THE TEMPORARY CLOSURE OF SOME MEAT PACKING PLANTS LINKED TO COVID-19 is leaving grocery meat cases less full and on the other end of the supply chain, livestock producers with animals that were ready to go to market… like two weeks ago. Whether you’re a consumer or a producer … or just curious about how this all works, this fact sheet by experts  will shed light on the market disruption and what it means for the cattle industry.

 

MANY OF US LEARNED AS CHILDREN THAT THE SUNFLOWER IS OUR STATE FLOWER. The state legislature designated it so in 1903. But there’s a lot more to them than the gorgeous golden addition they add to our landscape. In fact, Kansas is the 4th largest commercial sunflower grower in the U.S. In 2018, 89 million pounds of sunflowers worth more than $16 million were grown on 65,000 acres across the state. Sunflower seeds make a healthy snack or salad topper and oil produced from them is used as cooking oil. And, oh yes, birds love them. Many commercial bird seed mixes have sunflower seeds as a main ingredient. If you’re a grower or are thinking about it, check out Agronomy’s Sunflowers page and 2019 Kansas Performance Tests with Sunflower Hybrids.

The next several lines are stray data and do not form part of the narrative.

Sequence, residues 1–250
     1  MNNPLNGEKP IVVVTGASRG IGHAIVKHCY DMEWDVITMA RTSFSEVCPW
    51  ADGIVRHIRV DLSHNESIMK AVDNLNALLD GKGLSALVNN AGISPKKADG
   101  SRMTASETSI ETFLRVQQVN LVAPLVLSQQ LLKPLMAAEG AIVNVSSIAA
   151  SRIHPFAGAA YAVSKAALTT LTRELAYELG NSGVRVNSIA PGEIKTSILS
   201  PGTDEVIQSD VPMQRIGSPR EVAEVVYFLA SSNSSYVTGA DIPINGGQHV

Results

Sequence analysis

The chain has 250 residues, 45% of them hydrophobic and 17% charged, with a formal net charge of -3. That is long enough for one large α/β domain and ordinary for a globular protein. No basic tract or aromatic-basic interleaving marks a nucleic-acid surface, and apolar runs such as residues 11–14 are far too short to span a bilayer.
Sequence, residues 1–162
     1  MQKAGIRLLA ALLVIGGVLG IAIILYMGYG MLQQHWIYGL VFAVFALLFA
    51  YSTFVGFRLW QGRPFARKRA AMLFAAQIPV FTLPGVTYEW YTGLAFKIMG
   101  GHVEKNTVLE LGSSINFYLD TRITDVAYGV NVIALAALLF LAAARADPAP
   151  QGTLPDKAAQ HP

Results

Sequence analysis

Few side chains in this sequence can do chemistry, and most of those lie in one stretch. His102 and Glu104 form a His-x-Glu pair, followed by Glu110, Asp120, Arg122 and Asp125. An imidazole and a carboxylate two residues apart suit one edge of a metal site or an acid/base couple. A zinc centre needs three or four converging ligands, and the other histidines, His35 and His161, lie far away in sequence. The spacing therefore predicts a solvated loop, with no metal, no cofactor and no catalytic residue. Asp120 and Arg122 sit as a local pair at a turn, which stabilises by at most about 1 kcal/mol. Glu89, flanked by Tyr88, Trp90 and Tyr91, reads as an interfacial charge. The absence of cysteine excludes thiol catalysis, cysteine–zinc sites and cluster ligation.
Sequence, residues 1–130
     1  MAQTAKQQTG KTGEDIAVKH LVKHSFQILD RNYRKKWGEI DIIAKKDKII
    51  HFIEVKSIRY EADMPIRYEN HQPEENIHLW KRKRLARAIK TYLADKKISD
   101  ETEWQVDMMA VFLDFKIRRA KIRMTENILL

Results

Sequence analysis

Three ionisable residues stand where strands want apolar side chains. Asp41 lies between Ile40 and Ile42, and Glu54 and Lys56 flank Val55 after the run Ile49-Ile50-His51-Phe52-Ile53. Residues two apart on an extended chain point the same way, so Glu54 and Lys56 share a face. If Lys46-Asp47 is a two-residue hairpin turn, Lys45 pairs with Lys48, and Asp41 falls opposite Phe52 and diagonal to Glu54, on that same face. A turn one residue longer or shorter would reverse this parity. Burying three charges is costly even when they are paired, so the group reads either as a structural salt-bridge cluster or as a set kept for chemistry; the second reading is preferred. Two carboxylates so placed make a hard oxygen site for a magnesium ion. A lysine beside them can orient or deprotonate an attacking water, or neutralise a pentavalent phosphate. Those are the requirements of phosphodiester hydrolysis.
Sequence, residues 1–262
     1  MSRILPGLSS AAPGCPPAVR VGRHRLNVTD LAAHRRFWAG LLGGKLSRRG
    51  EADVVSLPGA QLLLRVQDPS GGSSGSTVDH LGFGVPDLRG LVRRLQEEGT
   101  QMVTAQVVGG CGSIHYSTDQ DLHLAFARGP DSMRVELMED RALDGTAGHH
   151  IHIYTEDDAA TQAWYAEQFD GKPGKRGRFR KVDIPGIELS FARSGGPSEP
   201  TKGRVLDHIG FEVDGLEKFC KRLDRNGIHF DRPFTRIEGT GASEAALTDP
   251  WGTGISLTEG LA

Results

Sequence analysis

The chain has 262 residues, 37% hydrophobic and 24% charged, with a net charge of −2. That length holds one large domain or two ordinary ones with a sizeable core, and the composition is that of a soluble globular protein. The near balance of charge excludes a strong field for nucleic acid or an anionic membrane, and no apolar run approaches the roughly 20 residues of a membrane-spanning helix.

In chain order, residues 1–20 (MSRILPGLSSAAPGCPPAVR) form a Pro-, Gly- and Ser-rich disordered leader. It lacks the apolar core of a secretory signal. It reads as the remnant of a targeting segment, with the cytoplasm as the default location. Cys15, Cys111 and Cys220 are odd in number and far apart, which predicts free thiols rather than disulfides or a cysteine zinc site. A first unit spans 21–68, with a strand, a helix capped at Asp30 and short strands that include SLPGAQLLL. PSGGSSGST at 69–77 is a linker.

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For more resources and activities, contact the K-State Research and Extension office in your area. Check out our other blogs and subscribe to our weekly emails here: https://www.ksre.k-state.edu/news/blogs/

Better Kansas – May 7, 2020

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This week in Better Kansas I shed a little light 😊 on solar energy, preserving fresh produce, a farmer’s generosity, butterfly habitat, a wheat threat and farm-focused online gatherings – all to help make your life, businesses, communities and state better. This is a small glimpse of what K-State Research and Extension across the state has to offer. Share on social media and subscribe! – Mary Lou Peter mlpeter@ksu.edu